An overwhelming majority of Taiwanese believe Taiwan is a sovereign and independent nation, the results of a poll released yesterday by the Taiwan Brain Trust think tank showed, with 75.8 percent of respondents supporting the sentiment, while 18.9 percent disagreed.
On the issue of Taiwan’s status as a nation, the poll showed that 79.8 percent of respondents said that it is “definitely” or “probably” a sovereign nation, while only 18.9 percent said that either it is “definitely not” or “probably not” a sovereign nation.
The answers indicated that most Taiwanese disagree with a recent statement by China’s Taiwan Affairs Office spokesperson An Fengshan (安峰山), who said that “Taiwan has never been a nation.”
Photo: Liao Chen-huei, Taipei Times
Regarding President Tsai Ing-wen’s (蔡英文) policies on cross-strait relations, the poll showed that 49.4 percent of respondents support her, while 25.5 percent do not.
However, 79.8 percent of respondents said that Taiwan should maintain the “status quo” in regard to its relationship with China.
The poll found that 39.6 percent of respondents do not think it is necessary for Taiwan to acknowledge the so-called “1992 consensus” as a prerequisite for developing relations with China, while 31.3 percent feel that recognition of the “1992 consensus” is necessary.
The “1992 consensus” — a term former Mainland Affairs Council chairman Su Chi (蘇起) admitted making up in 2000 — refers to a tacit understanding between the Chinese Nationalist Party (KMT) and the Chinese government that both sides of the Taiwan Strait acknowledge that there is “one China,” with each side having its own interpretation of what “China” means.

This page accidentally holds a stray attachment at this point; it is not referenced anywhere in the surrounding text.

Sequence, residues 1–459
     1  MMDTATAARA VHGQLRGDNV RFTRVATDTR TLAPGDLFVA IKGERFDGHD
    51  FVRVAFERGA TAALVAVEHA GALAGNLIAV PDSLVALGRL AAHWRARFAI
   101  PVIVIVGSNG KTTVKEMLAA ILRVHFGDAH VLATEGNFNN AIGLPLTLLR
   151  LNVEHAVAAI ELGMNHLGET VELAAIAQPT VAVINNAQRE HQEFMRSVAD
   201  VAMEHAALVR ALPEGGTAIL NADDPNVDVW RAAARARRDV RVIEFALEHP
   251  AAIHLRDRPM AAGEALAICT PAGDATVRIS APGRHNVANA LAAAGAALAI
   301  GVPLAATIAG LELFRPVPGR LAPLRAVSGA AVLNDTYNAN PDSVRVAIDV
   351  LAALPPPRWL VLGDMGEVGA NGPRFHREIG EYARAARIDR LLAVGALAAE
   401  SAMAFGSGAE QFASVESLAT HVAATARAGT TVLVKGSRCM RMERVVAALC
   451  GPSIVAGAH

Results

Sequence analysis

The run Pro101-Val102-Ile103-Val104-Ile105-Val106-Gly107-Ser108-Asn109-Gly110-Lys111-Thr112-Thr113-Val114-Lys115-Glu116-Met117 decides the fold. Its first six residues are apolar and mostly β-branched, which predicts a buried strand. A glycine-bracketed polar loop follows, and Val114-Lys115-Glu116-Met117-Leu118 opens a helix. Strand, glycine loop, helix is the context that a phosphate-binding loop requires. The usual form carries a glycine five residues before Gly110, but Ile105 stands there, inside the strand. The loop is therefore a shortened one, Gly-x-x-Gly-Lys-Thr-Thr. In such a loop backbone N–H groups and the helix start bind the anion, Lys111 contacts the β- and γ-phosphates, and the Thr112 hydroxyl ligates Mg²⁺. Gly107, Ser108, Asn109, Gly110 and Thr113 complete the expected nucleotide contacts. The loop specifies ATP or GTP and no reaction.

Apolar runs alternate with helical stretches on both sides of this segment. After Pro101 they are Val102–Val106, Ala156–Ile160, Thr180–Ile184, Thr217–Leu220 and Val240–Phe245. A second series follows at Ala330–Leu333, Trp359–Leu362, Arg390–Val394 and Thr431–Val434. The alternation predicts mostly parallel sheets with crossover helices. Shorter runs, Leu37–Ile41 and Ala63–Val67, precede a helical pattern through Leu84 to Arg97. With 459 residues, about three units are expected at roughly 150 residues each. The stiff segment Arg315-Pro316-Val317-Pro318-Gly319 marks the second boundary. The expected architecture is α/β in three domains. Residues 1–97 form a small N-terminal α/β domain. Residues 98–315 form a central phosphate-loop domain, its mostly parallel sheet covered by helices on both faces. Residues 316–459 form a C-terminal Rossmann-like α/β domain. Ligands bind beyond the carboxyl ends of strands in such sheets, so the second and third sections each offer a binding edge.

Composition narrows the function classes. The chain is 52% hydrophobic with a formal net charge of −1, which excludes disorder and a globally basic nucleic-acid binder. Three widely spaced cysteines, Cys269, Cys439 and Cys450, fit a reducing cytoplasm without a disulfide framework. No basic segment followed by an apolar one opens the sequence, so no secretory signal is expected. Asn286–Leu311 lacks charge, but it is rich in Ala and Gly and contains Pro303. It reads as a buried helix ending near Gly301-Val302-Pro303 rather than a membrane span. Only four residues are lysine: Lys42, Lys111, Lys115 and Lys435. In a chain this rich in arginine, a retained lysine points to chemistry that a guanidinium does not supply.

In response to the question of what Taiwan should do if the “status quo” cannot be maintained, 60.5 percent of respondents said they would support independence, while 22.4 percent said they would support unification with China.
The numbers showed a significant shift from last year’s 70.9 percent and 22.4 percent respectively.
A cross-analysis of the poll showed that among those respondents in favor of independence, 87.4 said they support the New Power Party (NPP), 83.1 percent the Democratic Progressive Party (DPP), 50.3 percent the People First Party (PFP) and 35.3 percent the Chinese Nationalist Party (KMT).
Among those respondents who support unification with China, 47.6 percent support the KMT, 34.3 percent the PFP, 10.5 percent the DPP and 6.5 percent the NPP.
The think tank said the telephone survey was conducted between 6:30pm and 10pm on Oct. 13 among randomly selected respondents aged 20 or older.
The think tank said it collected 1,079 valid samples, adding that the poll has a margin of error of 3 percentage points.
This was the first public opinion survey conducted by the think tank since its operations in August were handed over to the Ketagalan Foundation, an organization operated by supporters of former president Chen Shui-bian (陳水扁).